It was on a clear day, crisp and cold, at Pop Keeney Stadium last December. The game’s final seconds were ticking off the clock. Bothell was the winner, bound for the state championship game. Woodinville's season was over. Falcon head coach Wayne Maxwell gathered his silent and sullen players together. He implored them to keep their heads up. He was proud of them and the season they had.
Heavy-hearted, I walked toward Maxwell for the final time. A few days earlier, before Thanksgiving, the new owners of The Woodinville Weekly sent me an email saying my services were no longer needed. The Woodinville-Bothell game was the personal end of an era.
I covered Maxwell’s Falcons for seven seasons. This post-game interview lasted a little longer than usual. Then I turned off my recorder and we shared a prolonged embrace, before saying goodbye.
But life is all about context and perspective, right? As I walked off the Pop Keeney field, little did I know that Maxwell had been diagnosed with cancer. Hodgkins Lymphoma, to be precise.
Maxwell hadn’t told anyone, except immediate family.
“I envisioned keeping it to myself,” Maxwell said. “Certainly, during the football season. Sometime in October we figured out something wasn't right and I went to the doctor. It was a little process figuring out what it was. I didn't want anyone on the team or coaches to know, as it would be a distraction. We were enjoying the season and the camaraderie. I didn't want anything taken away from that. And [the cancer] wasn't taking away from my ability to do my job. So I kept it to myself.”
Maxwell and I spoke again the other day. We looked back at the past ten months. Last October, as Woodinville steamrolled its way toward the playoffs, he suddenly felt strange bumps on his neck.
"I talked to my wife about it," he said. "[I] thought it would be good to go in right away and get it checked out. The doctors did a great job going through the process and figuring it out. We made the decision to go in and get it checked out during the busiest time of the year for me."
Week after week, Woodinville won football games. The Falcons entered the playoffs, and eventually faced #1 ranked Kennedy Catholic on November 23 at Renton Memorial Stadium. It was one of the great nights in Woodinville history. Josh Spencer's 95-yard interception return of a Sam Huard pass was a sparkling highlight. The Falcons built a 31-7 halftime lead, before winning 55-42.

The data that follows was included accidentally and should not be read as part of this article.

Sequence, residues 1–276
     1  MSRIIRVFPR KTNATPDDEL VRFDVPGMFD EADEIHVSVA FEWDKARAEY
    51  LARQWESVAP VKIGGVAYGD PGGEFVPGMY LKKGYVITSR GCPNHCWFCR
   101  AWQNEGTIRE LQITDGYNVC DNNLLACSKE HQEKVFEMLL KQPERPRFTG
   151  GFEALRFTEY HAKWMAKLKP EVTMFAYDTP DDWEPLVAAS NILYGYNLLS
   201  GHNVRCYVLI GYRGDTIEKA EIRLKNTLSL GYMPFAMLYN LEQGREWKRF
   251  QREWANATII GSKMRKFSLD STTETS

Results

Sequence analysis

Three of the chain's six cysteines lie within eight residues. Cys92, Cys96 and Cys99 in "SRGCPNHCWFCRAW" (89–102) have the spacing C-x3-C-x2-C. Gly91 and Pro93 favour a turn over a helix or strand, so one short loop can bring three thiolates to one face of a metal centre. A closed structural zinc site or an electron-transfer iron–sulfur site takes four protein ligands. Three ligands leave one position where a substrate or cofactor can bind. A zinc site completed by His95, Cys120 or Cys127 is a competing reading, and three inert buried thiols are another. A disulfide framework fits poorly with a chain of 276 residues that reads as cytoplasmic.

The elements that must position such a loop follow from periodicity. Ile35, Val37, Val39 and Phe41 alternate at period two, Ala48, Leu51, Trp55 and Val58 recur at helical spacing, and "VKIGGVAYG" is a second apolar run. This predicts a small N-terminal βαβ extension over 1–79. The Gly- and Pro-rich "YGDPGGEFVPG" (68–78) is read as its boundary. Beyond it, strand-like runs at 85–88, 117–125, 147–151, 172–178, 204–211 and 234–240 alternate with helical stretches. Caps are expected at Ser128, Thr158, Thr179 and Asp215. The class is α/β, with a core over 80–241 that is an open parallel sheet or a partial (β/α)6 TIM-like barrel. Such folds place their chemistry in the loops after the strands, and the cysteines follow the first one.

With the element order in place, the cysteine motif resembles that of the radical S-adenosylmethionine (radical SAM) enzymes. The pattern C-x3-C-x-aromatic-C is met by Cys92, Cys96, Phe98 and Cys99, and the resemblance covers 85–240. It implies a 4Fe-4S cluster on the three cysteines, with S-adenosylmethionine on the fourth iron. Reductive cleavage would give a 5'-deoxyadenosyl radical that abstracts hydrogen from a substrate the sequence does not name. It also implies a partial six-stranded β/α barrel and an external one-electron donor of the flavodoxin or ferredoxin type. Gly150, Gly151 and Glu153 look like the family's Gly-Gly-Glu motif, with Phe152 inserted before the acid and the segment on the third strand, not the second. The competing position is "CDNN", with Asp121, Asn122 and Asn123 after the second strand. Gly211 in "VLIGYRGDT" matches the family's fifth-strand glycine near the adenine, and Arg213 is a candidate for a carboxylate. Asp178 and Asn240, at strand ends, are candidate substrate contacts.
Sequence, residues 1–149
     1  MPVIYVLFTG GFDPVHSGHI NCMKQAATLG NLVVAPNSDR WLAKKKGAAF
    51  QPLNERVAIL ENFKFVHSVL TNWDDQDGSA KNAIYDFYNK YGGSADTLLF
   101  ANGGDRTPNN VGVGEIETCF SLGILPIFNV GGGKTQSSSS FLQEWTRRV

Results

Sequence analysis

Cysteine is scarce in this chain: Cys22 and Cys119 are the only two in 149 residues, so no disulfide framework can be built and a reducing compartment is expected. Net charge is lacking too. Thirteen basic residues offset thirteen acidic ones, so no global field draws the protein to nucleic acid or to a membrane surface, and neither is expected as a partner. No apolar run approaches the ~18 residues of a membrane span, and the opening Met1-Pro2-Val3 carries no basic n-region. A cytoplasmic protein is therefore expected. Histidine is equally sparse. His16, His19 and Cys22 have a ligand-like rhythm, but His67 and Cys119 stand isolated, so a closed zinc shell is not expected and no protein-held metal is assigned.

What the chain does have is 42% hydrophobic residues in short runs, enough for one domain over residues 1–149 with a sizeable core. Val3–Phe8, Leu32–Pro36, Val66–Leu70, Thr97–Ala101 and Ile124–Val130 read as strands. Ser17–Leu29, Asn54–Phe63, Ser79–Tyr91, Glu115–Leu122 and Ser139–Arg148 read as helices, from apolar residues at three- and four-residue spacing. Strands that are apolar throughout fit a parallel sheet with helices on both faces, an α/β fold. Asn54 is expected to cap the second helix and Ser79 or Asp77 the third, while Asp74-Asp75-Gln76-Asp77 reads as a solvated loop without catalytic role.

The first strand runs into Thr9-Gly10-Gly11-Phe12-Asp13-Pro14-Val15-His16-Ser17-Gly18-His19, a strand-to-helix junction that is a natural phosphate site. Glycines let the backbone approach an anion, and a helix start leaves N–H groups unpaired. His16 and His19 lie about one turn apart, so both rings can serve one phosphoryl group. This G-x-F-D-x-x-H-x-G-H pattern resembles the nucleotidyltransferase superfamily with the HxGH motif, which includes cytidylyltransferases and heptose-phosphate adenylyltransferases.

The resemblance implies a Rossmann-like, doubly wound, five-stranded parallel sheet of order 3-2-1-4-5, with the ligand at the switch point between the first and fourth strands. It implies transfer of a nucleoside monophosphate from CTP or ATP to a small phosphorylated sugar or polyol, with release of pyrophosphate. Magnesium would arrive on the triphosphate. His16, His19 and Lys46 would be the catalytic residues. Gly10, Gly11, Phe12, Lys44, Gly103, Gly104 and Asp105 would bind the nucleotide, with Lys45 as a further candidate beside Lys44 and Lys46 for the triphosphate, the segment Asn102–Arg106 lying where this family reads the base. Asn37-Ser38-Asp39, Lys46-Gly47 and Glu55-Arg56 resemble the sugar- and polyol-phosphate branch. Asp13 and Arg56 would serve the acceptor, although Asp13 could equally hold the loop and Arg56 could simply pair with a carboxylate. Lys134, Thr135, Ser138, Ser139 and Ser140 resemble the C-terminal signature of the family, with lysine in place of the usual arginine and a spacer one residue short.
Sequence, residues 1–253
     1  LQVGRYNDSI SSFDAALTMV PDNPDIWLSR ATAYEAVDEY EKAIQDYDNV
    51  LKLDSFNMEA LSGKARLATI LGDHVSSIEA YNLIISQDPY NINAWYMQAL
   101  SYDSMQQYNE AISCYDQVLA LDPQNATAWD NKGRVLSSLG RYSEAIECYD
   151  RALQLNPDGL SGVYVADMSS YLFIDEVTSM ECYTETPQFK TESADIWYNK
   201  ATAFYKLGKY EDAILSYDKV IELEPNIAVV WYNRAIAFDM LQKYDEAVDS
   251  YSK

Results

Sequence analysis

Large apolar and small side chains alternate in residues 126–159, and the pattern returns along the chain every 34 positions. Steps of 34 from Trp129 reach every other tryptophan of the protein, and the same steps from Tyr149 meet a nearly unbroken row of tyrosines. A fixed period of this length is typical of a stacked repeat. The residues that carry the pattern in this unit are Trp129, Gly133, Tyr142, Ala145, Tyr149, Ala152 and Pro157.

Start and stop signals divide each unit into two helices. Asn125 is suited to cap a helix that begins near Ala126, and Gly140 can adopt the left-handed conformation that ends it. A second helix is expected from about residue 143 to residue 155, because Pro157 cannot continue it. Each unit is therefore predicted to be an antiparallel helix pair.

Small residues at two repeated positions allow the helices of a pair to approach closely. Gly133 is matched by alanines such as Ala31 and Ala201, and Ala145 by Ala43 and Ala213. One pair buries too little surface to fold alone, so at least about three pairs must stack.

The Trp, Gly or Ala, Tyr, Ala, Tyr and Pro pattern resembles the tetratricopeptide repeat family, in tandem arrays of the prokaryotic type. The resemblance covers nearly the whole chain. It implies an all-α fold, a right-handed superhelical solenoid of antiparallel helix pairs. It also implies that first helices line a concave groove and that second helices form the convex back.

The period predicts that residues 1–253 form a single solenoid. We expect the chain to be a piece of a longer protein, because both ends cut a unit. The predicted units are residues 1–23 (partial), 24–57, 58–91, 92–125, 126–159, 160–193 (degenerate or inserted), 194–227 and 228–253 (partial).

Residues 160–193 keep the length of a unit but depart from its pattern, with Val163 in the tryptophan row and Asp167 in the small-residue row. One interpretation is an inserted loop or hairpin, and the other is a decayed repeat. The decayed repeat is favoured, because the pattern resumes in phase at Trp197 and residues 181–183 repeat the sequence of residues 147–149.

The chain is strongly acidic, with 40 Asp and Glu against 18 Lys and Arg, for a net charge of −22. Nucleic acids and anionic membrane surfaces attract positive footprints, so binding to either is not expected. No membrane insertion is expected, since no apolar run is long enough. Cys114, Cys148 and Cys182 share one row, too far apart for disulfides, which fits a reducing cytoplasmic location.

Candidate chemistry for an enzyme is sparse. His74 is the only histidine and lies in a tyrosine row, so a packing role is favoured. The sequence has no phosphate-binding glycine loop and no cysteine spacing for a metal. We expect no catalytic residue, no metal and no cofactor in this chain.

You've never seen a happier locker room! Music blared, players shouted and were all smiles. Senior Cage Schenck, who always seemed to save the day when his team was in dire straits, came through once again. He covered the eyes of team trainer Angela Calicchio with his hands and guided her through the men-only part of the locker room so she could utilize a much-needed bathroom stall.
I finished up my player interviews and began saying my good-byes. As I headed for the exit, I spied Maxwell standing alone in the corner. His hands were on his hips as he gazed at the wall. I thought to myself, "Huh, he almost seems subdued or something."
The following week, Woodinville lost to Bothell in the State semifinal, and the season was over. Heading into the off-season, Maxwell quietly began chemotherapy treatments. He also knew that he needed to tell his players and coaches.
"My first thought was to go through it and don't tell anyone and beat it and that will be that," he said. "But then I was thinking that might be tough to do when my hair started falling out."
The time for the talk came in early February. Maxwell called for a team meeting. As he stood before them, he informed his players of his cancer prognosis.
"You feel responsible for them," he said. "For something like that there's the worry that they're teenagers and the majority of them haven't had experience with cancer and death. You hear that word and you think the worst. But I told them what was happening and how they would see certain things through the process, such as effects from the chemo."
Maxwell felt gratitude for the support he received from his coaching staff and athletic director Cathy Boyce. "We're very lucky to have someone like Cathy as an AD who is tied in with the athletes and cares about them," he said.
As springtime came, Maxwell was deep in chemotherapy sessions.
"Halfway through the process, the treatments started compounding on each other and the end was still a long ways away," he said. "For me, finding success was actually being in the moment and being successful that day. One of my goals was to exercise as much as I could. 50% of the time."
Through this time, Maxwell derived peace of mind from his faith. "I felt quite comforted knowing I was good hands moving forward," he said. "Trusting everything was going to work out in regards to whatever His plan was. Feeling that trust, that whatever was going to happen was okay. Any of the worry and anxiety of having cancer went away. I was thankful because it would be a long time going through the treatment and worrying about the worst, right? So I felt incredibly blessed to have that feeling [of peace of mind] throughout the process."